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What is Khula?

Jessica Ellis
Updated May 16, 2024
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Khula is the right of an Islamic woman to seek divorce or separation from her husband. Depending on the region, it may be legally acceptable as a form of divorce, or it may only provide a divorce in the eyes of a presiding religious council. This right is distinct from a man's right to seek divorce or separation, which is known as talaq.

Since the practice of khula is derived from religious law, the implications, process, and validity of the concept may vary extensively in different regions. Traditionally, a woman is allowed to ask for a divorce if her husband is behaving inappropriately according to religious prescripts. Engaging in illegal activity, alcoholism and drug addiction, and certain forms of spousal abuse may be considered legitimate reasons. Abandonment is also considered a legitimate reason in many cases. If a woman seeks divorce for no reason considered legitimate by religious precepts, it may be considered a serious transgression.

One of the main factors that makes this type of divorce a controversial issue is that the woman must get her husband's agreement before it is permitted. In addition, traditional requirements include that a woman must return gifts, dowry, and other financial considerations in return for being permitted to divorce. A woman who separates from her husband under this law must often agree to give up custody of any children over seven, either to her ex-husband's care or to other relatives. Some legal experts also suggest that women may be subjected to abuse, humiliation, and threats if seeking divorce, not only from her husband and male family members, but also from Shariah courts.

A request for a divorce under this law is usually submitted to the presiding religious law council, which then may proceed with an investigation. Both the husband and wife may be questioned about the motives for the separation. If the council finds the reasons sufficient, it may choose to grant a divorce. Men may also be asked to initiate talaq in order to make the divorce fully effective.

It is important to note that, in some regions, khula is not a substitute for a legal divorce. For Muslim couples who are citizens of countries that have state-sanctioned marriage, a religious decree may not count as an official divorce in the eyes of state law. A woman is also allowed to seek a legal divorce under the laws of a non-Islamic law system, even if a religious divorce is not granted.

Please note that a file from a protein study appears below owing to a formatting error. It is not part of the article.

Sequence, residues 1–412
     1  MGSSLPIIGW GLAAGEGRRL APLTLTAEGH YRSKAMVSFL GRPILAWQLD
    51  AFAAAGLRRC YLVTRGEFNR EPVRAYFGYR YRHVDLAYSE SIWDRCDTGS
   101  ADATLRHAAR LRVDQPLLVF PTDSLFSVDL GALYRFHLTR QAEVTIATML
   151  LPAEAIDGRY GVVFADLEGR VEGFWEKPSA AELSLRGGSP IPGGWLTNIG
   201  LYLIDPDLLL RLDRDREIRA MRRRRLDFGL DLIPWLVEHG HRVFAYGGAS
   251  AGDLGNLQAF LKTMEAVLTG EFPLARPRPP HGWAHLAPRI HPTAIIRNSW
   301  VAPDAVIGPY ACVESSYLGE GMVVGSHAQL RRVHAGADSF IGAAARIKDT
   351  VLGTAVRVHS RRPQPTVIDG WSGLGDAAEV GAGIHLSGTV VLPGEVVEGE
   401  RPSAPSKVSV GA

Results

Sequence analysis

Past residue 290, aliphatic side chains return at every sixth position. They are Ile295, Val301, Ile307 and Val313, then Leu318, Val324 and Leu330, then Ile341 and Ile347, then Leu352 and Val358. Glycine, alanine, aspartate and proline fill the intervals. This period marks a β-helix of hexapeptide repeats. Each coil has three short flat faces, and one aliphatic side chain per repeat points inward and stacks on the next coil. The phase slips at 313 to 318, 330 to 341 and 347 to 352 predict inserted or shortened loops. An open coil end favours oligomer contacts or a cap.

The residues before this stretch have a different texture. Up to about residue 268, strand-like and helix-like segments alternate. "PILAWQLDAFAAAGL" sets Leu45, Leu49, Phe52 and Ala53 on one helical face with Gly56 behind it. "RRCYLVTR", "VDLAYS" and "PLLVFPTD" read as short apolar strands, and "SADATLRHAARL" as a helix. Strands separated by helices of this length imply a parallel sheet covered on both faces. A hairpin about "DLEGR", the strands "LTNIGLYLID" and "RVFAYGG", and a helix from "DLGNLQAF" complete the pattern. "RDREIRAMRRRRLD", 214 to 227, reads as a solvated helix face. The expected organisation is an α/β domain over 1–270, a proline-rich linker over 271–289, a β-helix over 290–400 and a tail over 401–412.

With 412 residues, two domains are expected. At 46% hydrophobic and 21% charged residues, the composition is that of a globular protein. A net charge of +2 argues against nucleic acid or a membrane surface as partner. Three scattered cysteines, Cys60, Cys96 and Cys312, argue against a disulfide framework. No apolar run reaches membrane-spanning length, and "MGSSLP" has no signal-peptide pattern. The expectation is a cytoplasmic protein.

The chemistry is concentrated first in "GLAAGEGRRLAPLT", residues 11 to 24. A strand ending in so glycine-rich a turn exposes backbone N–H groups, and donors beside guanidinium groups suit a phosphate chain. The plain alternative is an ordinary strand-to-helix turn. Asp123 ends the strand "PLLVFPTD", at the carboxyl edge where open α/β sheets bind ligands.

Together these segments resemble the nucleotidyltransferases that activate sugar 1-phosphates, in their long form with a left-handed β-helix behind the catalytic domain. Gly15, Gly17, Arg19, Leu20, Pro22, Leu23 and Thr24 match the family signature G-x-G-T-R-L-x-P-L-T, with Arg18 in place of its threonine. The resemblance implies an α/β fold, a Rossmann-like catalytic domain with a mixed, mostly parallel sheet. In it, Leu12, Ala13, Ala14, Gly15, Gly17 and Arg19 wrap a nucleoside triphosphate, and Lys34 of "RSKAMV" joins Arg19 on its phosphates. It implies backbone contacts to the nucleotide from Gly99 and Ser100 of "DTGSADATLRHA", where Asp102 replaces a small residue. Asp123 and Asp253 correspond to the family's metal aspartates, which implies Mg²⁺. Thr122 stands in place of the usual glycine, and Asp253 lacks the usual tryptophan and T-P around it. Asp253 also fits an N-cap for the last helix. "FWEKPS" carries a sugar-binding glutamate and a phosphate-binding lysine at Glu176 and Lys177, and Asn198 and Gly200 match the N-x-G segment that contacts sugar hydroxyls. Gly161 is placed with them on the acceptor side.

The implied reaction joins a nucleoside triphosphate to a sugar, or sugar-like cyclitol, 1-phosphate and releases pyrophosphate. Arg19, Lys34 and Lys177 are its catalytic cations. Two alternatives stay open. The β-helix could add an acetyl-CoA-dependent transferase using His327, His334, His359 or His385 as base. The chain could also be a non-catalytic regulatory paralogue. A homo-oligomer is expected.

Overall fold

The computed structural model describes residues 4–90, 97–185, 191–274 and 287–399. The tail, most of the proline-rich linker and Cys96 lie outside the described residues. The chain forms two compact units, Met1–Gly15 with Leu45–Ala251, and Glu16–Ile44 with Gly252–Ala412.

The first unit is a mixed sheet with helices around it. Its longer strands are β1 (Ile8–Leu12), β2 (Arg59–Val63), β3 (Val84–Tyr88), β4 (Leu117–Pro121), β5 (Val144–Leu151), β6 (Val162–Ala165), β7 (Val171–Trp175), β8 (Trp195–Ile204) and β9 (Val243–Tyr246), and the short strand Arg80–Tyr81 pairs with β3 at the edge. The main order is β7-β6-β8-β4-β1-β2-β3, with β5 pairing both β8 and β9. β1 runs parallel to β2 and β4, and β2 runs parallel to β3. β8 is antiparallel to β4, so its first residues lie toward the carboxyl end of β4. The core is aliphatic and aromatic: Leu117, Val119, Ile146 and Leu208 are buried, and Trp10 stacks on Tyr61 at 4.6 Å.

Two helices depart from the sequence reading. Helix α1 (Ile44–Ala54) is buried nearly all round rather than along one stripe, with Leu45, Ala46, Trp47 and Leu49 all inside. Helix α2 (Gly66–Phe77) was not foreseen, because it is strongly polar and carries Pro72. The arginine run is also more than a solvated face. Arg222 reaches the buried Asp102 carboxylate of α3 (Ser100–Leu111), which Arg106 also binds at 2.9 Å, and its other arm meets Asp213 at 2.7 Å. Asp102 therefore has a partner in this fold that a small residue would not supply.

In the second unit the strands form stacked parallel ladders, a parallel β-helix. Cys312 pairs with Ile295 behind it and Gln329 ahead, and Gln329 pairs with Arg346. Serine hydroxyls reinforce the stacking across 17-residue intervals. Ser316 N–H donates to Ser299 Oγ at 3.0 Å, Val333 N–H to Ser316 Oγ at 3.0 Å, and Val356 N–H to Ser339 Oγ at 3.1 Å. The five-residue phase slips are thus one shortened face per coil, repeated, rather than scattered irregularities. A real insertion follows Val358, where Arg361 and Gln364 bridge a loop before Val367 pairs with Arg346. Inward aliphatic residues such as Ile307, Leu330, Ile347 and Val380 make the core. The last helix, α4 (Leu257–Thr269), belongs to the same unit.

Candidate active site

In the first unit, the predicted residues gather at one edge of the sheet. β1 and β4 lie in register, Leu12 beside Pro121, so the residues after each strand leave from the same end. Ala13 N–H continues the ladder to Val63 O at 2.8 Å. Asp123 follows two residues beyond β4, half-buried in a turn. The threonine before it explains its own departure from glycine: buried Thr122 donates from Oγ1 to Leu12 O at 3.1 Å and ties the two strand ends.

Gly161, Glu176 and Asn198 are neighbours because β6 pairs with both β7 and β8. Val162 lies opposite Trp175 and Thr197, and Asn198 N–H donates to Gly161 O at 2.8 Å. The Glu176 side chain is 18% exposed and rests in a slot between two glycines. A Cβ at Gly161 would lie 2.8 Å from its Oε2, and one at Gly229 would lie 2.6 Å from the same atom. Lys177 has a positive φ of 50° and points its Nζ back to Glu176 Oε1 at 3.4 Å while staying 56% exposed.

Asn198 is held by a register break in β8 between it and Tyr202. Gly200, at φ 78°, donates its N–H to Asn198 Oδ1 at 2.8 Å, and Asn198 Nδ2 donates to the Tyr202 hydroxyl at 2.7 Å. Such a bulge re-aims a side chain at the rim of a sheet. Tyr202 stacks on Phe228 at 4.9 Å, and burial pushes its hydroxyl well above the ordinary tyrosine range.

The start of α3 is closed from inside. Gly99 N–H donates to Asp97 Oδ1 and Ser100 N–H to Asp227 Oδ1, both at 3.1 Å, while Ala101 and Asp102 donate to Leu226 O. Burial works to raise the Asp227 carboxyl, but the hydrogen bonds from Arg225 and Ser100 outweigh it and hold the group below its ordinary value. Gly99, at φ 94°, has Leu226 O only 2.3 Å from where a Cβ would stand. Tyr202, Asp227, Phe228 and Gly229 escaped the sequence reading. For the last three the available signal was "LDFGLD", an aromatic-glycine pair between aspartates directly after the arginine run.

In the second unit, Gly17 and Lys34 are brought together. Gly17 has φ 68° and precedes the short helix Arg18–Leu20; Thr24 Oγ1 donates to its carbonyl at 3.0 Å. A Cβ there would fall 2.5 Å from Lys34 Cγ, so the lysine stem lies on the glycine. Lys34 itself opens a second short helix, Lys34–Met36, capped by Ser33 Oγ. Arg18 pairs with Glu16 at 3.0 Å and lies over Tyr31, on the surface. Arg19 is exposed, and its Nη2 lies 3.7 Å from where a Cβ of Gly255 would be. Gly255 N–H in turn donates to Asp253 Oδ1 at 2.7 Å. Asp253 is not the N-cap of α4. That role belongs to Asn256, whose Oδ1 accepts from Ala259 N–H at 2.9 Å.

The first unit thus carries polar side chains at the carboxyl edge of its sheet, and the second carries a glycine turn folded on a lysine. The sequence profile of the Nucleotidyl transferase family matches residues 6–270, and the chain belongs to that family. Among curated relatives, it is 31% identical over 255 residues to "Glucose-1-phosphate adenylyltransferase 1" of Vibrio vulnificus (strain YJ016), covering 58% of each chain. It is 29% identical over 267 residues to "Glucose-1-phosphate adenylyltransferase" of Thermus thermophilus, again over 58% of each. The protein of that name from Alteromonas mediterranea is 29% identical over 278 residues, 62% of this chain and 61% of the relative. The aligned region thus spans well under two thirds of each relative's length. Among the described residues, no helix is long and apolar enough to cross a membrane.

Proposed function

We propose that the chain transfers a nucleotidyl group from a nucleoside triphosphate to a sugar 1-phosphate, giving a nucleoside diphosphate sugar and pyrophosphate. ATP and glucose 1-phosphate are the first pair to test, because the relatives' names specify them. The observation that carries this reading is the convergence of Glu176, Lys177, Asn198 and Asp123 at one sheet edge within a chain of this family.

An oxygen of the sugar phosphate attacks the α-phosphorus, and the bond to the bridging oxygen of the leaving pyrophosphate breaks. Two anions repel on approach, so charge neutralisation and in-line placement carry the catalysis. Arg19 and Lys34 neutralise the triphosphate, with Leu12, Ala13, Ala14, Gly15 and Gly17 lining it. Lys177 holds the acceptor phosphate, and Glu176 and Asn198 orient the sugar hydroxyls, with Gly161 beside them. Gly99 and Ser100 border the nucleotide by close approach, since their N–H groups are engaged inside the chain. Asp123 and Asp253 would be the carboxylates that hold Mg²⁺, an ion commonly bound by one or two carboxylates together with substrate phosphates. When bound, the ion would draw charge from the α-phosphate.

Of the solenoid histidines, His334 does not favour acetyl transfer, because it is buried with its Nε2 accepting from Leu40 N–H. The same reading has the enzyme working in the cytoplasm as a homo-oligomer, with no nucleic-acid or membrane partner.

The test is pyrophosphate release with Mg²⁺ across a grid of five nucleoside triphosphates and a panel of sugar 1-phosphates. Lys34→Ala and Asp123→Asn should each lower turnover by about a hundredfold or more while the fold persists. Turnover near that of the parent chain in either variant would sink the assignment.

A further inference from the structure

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Jessica Ellis
By Jessica Ellis
With a B.A. in theater from UCLA and a graduate degree in screenwriting from the American Film Institute, Jessica Ellis brings a unique perspective to her work as a writer for MyLawQuestions. While passionate about drama and film, Jessica enjoys learning and writing about a wide range of topics, creating content that is both informative and engaging for readers.
Discussion Comments
By anon276266 — On Jun 22, 2012

I would like some advice on Islamic divorce in the UK. We did a nikah five years ago, and for past two or three years have not gotten along and have had issues. Although we tried to get along and still lived together and did our daily duties, as normal, we had an argument and decided we couldn't be together anymore. This was a mutual decision by both and then for four days we both stayed out of each other's way to give it time to calm and blow over, but after few days he began saying it again and so my feeling was also the same. He gave me one paper and told me to go, but I said if you are giving me this and asking me to leave, I want all three papers, which he provided to me. I got the three papers with the witnesses and agreed I wanted nothing from him other than what I'm entitled to.

We managed to reconcile with an agreement that this is only to reflect and if I wish, I can have my freedom to move on now. He has now changed his tune and is asking me to give him his gold back for the papers, which I have sold and spent as living costs for the past year.

Please, can someone help?

By gkzuber — On Jan 25, 2012

My wife complained in a family counseling session for “Khula” from me. Every time they ask her will you go to your husband's house, she used to say no. She did seven times. But she was being pressured by her mother and brother, and her mother used to tell her to get a separate house to live in because we are in a joint family.

So her mother and brother forced her to take khula from me. But she used to call me and ask me what to do. I told her to come to me and do not fear about your mother because you are my wife. But she fears her mother.